ESG Investing Enters 'New' Paradigm.
Byline: John Manganaro
Summary paragraph: Environmental, social and governance investing expands under ERISA
The Department of Labor (DOL)'s Interpretive Bulletin 2015-01 will significantly expand the use of environmental, social and governance (ESG) investing principles under the Employee Retirement Income Security Act (ERISA).
Labor Secretary Thomas Perez, speaking at a press conference, said the new guidance is meant "to return us to a common sense approach" by re-establishing principles first introduced under Interpretive Bulletin 1994-1 (IB 94-1). He explained the need to repeal the controversial Interpretive Bulletin 2008-1, which until now provided the most direct guidance about ESG issues for retirement plan fiduciaries.
According to Perez, in 2008, the DOL unnecessarily put the brakes on ESG investing for no good reason and has left the qualified retirement planning space "a decade or more behind other segments of the investing markets when it comes to economically targeted investments (ETI)," his preferred name for this type of investing.
As Perez explained it, the Labor Department previously had addressed issues relating to ETIs in Interpretative Bulletin 94-1. "[The publication] corrected a misperception that investments in ETIs are incompatible with ERISA's fiduciary obligations," which existed beforehand, Perez said. "[The guidance also] contains much clearer discussion and explanation of how responsible fiduciaries should and should not use ESG/ETI factors while creating and managing portfolios under ERISA," he said.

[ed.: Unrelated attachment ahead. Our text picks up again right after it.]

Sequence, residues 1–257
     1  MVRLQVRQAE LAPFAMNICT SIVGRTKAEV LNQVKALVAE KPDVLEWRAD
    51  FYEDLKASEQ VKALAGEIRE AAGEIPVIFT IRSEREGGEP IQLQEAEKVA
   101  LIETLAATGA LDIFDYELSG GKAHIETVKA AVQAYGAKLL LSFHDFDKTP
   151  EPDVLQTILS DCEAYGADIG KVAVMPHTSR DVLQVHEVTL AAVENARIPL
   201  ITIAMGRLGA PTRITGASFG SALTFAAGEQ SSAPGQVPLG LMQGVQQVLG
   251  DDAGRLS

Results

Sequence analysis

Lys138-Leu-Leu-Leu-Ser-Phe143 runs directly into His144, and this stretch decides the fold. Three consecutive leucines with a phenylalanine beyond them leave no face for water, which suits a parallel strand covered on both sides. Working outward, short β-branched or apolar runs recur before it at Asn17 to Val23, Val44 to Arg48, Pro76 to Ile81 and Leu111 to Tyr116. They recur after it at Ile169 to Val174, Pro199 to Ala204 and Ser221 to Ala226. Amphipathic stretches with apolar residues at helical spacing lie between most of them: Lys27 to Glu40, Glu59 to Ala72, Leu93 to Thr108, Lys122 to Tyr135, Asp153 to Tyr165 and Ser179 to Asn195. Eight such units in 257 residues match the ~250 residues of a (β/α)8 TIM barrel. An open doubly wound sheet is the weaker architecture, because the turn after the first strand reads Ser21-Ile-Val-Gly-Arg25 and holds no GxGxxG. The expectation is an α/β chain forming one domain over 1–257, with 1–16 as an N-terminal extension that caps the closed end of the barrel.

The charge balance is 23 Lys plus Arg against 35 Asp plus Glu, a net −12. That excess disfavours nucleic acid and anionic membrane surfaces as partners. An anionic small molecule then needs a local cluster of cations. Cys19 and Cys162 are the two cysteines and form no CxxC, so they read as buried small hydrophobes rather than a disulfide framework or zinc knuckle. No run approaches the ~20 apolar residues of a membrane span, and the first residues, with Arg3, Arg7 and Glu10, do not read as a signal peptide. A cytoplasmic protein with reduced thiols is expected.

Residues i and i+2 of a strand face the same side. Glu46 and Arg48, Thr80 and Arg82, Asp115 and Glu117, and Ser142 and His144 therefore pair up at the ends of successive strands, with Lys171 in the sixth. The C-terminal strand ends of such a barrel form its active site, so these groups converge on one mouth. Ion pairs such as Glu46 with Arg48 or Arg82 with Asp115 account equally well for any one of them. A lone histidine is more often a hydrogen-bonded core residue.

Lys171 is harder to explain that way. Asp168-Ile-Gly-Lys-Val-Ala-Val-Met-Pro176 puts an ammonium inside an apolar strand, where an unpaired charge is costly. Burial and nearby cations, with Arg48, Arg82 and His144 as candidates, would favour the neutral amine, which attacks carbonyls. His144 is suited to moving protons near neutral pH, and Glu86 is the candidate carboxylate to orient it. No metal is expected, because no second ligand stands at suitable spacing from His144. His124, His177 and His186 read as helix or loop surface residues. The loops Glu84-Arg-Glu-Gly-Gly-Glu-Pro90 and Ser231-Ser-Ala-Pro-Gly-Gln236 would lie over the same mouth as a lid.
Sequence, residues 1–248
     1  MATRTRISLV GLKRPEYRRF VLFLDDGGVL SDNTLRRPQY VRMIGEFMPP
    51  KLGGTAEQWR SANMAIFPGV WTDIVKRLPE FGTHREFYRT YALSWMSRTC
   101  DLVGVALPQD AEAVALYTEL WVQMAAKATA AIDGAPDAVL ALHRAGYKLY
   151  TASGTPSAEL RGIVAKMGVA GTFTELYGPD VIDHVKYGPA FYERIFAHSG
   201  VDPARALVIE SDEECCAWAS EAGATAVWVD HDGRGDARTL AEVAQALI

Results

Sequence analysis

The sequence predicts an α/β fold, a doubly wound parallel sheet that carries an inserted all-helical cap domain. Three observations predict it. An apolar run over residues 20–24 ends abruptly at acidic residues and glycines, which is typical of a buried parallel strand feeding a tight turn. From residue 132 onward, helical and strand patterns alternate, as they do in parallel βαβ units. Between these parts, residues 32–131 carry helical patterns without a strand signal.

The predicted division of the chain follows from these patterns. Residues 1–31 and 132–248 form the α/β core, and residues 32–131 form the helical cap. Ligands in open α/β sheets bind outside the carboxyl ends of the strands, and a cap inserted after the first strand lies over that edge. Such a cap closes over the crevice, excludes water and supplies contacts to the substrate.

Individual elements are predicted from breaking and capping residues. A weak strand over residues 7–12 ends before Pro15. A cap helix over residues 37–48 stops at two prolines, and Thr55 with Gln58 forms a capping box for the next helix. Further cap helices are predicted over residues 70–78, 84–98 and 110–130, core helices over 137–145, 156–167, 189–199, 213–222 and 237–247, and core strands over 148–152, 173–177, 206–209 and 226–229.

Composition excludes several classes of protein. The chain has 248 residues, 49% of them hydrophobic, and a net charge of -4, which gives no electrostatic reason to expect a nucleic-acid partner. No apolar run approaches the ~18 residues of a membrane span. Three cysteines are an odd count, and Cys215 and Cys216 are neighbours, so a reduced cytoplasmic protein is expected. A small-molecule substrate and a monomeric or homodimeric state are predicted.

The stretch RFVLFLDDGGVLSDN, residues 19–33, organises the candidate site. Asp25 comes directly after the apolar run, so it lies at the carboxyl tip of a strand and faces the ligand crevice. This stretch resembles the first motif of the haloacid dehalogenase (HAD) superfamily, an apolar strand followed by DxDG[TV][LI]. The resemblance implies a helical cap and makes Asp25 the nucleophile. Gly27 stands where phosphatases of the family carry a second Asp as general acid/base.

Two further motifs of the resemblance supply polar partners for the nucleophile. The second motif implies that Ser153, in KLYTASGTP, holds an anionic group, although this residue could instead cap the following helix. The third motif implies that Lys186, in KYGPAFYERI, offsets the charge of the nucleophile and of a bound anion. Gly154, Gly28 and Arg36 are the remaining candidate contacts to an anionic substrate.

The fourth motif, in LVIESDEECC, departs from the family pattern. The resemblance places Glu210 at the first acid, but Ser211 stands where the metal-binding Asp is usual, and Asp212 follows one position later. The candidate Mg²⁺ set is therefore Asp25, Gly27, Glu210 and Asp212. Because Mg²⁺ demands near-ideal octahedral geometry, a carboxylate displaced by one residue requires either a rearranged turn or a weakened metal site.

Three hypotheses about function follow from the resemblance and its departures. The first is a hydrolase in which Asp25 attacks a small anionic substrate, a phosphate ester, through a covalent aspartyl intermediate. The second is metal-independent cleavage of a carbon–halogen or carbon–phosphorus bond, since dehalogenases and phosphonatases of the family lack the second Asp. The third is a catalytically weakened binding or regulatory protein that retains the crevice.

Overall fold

"The new interpretative bulletin does not in any way supersede the 'investment duties' regulatory standard at 29 CFR Section 2550.404a-1, nor does it address any issues that may arise in connection with the prohibited transaction provisions of ERISA," Perez observed.
"Rather, IB 2015-01 confirms the department's longstanding view that plan fiduciaries may invest in ETIs based, in part, on their collateral benefits so long as the investment is as appropriate for the plan and economically and financially equivalent with respect to its investment objectives, return, risk and other financial attributes compared with competing investment choices."
"What makes this an even more appropriate decision is that the quality of analysis and real-time analytics around ESG factors has just improved so dramatically since 2008," said Matthew Patsky, CEO of Trillium Asset Management, who attended the event. "It's an entirely different world, from that perspective."
Perez hinted at the potential for more upcoming guidance in this area. In 2008, there was a sister bulletin issued alongside 2008-1-Interpretative Bulletin 2008-2-which deals with related questions concerning when it is appropriate for retirement plan participants and sponsors to operate as "shareholder activists"-using plan assets to influence the way companies or industries are managed. These questions call for an analysis similar to that in the ETI reform, Perez said, and so the DOL is actively looking into revising 2008-2.